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Driven by a plot that defies convention, Sara Gruen’s Ape House is captivating. Her follow-up to the 2007 bestseller Water for Elephants is another story about animals, though its strikingly realized human characters turn out to be the main attraction.
Journalist John Thigpen, on assignment at a university language lab, is awed by his encounters with its resident bonobo apes. The bonobos communicate with people using sign language, convey complex ideas among themselves, and seem practically human in how they interact with the world. John is also struck by scientist Isabel Duncan, whose connection with the apes is so intense she considers them her family.
That family is torn apart, however, when an explosion destroys the lab the night after John’s visit. A radical animal rights group claims responsibility, Isabel is seriously injured, and the university quietly sells the bonobos to an anonymous buyer. Weeks later, when the animals appear on television as stars of a reality show called Ape House, John and Isabel begin working independently to uncover the truth behind the explosion and rescue the apes.
Gruen’s novel has resonance beyond its animal themes. She highlights the dismal state of American media – John’s job is under threat as the newspaper business crumbles, his colleagues resort to extremes to garner readership, and his wife is a literary novelist who finds herself writing for television in an era when a show about apes ordering pizza is considered the height of entertainment.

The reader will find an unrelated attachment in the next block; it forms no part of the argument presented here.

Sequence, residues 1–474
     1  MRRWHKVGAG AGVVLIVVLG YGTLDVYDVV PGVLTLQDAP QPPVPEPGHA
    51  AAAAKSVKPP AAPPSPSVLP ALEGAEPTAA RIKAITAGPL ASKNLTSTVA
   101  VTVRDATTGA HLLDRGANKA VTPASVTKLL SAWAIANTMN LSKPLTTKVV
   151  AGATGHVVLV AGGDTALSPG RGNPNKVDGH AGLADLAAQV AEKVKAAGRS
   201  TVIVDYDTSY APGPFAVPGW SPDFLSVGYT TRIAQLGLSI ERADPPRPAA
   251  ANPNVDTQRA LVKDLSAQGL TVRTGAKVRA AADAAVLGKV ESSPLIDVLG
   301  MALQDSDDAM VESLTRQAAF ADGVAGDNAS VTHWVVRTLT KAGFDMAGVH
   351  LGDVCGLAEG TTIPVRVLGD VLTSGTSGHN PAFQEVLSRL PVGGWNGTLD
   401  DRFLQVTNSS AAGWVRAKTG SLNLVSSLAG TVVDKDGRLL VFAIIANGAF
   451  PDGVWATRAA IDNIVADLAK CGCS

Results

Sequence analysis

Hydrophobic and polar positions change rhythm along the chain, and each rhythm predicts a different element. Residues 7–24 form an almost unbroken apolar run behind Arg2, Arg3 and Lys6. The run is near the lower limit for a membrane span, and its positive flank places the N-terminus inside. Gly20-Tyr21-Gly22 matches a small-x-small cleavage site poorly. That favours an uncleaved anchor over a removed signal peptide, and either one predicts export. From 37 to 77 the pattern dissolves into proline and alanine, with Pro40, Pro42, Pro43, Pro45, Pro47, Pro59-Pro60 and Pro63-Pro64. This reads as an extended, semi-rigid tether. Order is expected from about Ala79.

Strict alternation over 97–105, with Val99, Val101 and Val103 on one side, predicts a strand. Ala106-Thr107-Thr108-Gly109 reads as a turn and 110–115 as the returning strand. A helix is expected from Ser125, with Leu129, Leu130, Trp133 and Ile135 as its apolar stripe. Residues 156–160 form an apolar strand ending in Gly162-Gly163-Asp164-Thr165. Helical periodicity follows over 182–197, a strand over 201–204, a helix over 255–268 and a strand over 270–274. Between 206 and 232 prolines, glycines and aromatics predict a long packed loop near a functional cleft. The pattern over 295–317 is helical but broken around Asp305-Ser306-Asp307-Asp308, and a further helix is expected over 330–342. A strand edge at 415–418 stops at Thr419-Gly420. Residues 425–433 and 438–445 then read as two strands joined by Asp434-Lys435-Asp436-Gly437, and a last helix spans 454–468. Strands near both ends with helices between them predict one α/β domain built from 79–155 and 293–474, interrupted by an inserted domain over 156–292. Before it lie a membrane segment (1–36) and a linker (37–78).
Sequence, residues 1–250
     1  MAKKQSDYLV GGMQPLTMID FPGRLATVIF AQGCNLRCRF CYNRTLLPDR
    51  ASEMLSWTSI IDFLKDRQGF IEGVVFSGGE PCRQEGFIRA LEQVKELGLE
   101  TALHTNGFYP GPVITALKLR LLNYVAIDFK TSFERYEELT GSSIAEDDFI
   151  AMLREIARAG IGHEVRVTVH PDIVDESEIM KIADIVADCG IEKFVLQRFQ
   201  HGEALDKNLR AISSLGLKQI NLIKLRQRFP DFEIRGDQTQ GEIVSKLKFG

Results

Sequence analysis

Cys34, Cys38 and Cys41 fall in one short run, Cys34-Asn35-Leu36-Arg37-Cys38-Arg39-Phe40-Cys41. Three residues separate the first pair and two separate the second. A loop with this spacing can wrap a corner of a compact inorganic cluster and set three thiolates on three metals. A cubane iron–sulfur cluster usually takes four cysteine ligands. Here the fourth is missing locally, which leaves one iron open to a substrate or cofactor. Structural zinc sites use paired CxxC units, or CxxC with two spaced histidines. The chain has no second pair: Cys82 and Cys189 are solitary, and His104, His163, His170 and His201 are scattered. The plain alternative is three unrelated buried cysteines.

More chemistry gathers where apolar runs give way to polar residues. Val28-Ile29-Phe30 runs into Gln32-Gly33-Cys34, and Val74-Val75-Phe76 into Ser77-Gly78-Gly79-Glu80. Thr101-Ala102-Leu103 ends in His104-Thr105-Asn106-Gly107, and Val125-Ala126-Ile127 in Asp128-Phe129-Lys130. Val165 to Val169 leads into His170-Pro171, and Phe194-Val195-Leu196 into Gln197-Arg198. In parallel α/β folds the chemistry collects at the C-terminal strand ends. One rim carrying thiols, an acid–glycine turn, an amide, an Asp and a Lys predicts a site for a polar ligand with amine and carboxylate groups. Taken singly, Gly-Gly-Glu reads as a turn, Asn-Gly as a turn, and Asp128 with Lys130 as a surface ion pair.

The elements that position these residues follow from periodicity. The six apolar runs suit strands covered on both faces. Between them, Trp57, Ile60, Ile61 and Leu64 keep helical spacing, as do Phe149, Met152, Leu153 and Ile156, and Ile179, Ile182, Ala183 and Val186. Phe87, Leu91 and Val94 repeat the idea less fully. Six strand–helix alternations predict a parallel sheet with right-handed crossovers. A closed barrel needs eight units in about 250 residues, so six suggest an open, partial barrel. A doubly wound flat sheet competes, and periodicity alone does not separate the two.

The story gets a bit crowded by the climax, but Gruen reins it in just in time. She deserves further credit for successfully integrating fact into her fiction: the language lab is based on an actual facility where the author did considerable research, but the science underlies the novel rather than overwhelming it.
'Ape House' is a light read that attempts to open the animal world to us by bringing the Bonobos Apes to life in an original way. Read morePublished on Sept. 21 2011 by Toni Osborne
I was sure disappointed in this book, Water for Elephants was great but this book was too juvenile as her "horsey" books tend to be. Read morePublished on May 10 2011 by all I do is read
Sara Gruen writes like a dream, but sadly I found this book disturbing for reasons not intended by the author. Read morePublished on March 28 2011 by Charomyces